Freya West, founder of Delinquent Debutantes and performer extraordinaire, says that the series is in the spirit of burlesque, which turns tradition on its ear. Naked Girls Reading was started in Chicago by West’s own teacher, Michelle L’amour, and has since spread to over 100 cities worldwide, as close to home as St. Louis and far away as Tasmania. Performers read everything from Dostoevsky to David Sedaris to The New Joys of Jell-O Recipe Book.
West is all about body-positive performance and living. She says that the reception of burlesque performance in Nashville has been overwhelmingly positive: “Culturally, we’re sick of being spoonfed. With burlesque, you get to decide for yourself what looks great and see people enjoying their bodies.” Pairing nude bodies with something as ordinary as reading should be stimulating on many levels, and West plans to make the risque, pop art performance a monthly event. In the coming months, L’amour herself will read naked in Nashville and the Debutantes will honor banned books — naked!
The event takes place Friday, Oct. 17 at 9 p.m. for a limited, intimate audience, so get your tickets now and head over to the studio at 3723 Charlotte Ave. General seating is $20 and front row VIP is $30.
Considering this, it might seem counterintuitive for Weise & Co. to host something called Literary Death Match on behalf of the 26th Annual Southern Festival of Books and the Porch Writers' Collective. But the silly part of the premise — four writers have seven minutes each to read their work aloud and convince a panel of judges that they are "the most intense" — effectively stamped out the pretentious connotations of the word "literature." With that out of the way, we were left with a dazzling, vital presentation of contemporary work that was as engaging as the best concerts, plays and stand-up comedy sets I've ever seen, all rolled into one.
She appears at noon in Nashville Public Library's Conference Room II — prompting another tough choice among Jasper Fforde at War Memorial, Michael Sims at Nashville Public Library Auditorium, and best-selling Someone Else's Love Story romance novelist Joshilyn Jackson (noon, Room 12, Legislative Plaza). A wild card that sounds fascinating is the talk by musicologist Annegret Fauser (noon, Room 31, Legislative Plaza) on Sounds of War, her study of music during World War II, which makes the case that classical more than jazz or big-band was the form that defeated the Axis.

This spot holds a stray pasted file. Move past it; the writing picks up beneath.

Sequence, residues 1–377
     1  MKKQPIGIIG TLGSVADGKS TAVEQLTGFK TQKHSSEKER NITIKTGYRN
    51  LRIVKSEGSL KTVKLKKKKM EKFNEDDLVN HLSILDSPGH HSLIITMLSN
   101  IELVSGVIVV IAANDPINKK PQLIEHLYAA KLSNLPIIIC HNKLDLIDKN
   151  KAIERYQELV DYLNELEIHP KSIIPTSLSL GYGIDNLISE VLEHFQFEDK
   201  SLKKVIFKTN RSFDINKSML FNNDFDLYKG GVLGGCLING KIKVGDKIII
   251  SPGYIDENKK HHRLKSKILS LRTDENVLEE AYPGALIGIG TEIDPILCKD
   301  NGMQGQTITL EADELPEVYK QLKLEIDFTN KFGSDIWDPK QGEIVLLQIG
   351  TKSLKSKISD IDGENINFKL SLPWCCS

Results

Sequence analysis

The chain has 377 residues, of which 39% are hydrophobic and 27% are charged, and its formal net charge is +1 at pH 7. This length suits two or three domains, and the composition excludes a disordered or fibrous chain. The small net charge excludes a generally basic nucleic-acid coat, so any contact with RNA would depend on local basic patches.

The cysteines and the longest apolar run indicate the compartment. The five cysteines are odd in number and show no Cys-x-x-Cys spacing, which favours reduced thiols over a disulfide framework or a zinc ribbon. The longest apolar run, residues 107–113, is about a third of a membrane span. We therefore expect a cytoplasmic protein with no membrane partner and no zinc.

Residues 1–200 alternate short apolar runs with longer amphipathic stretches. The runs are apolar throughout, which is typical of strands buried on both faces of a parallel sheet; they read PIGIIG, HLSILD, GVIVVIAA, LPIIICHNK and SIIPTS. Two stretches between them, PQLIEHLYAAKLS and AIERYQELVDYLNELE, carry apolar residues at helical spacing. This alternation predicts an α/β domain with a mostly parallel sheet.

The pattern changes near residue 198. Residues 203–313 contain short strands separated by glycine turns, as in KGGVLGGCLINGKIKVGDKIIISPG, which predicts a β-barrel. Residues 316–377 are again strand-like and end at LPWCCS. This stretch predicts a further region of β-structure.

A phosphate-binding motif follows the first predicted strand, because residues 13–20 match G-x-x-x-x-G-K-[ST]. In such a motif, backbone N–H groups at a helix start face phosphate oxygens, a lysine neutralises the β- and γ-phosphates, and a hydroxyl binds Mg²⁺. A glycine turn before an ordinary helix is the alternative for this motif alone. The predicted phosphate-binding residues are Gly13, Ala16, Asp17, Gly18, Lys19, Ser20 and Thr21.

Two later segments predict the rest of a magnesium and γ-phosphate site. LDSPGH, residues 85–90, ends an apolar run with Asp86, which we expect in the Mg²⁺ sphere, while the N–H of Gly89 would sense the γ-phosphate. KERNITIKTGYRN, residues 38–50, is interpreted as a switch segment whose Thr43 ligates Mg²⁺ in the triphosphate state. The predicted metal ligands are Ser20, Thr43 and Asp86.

You'll need fortification for the day ahead, which features perhaps the toughest choices of the entire schedule. Avail yourself of strong coffee and bracing company at the festival's popular annual Women's National Book Association Coffee with Authors (9 a.m., Nashville Public Library Auditorium), with Gabrielle Zevin and Nadia Hashimi returning from the previous day. Joining them are the authors of two novels arriving at the festival on a groundswell of buzz, both concerning love triangles set against a historical backdrop: Lily King's Euphoria takes off from an incident from the early life of anthropologist Margaret Mead, while Ann Weisgarber's The Promise places a new wife and her husband's pining housekeeper in the path of the unimaginably devastating 1900 Galveston hurricane.
To understand a maelstrom of man's making — the War on Terror — see Wall Street Journal correspondent Anand Gopal (10 a.m., Room 16, Legislative Plaza) discuss how the U.S. military unwittingly revived the Taliban as a force in Afghanistan. His book No Good Men Among the Living: America, The Taliban, and the War Through Afghan Eyes is regarded as one of the essential texts to date on military missteps in the region.
Alas, his slot is directly opposite one of the festival's favorites, novelist Ron Rash (10 a.m., Room 12, Legislative Plaza), as well as poet Richard Blanco the Wild Things! panel on the continued uses of enchantment in children's literature (10 a.m., Room 29, Legislative Plaza), Huey "Piano" Smith biographer John Wirt leading a panel of veteran music historians (10 a.m., Room 30, Legislative Plaza), and respected Yummy/Chess Rumble YA author G. Neri reading from his verse biography Hello, I'm Johnny Cash (10 a.m., Nashville Public Library, Third Floor Program Room).
Let us help. Below, we offer a day-by-day, hour-by-hour guide to the festival's offerings. After that, you'll find reviews and interviews — supplied by the heavy-lifting literary site Chapter16.org, which, like the festival, is sponsored by Humanities Tennessee — that provide more depth on this year's many remarkable guests.
Even with this much room, we still couldn't include every worthwhile panel or event. Go to humanitiestennessee.org and peruse the author list and the schedules for additional information — and use the guide below to help you get started.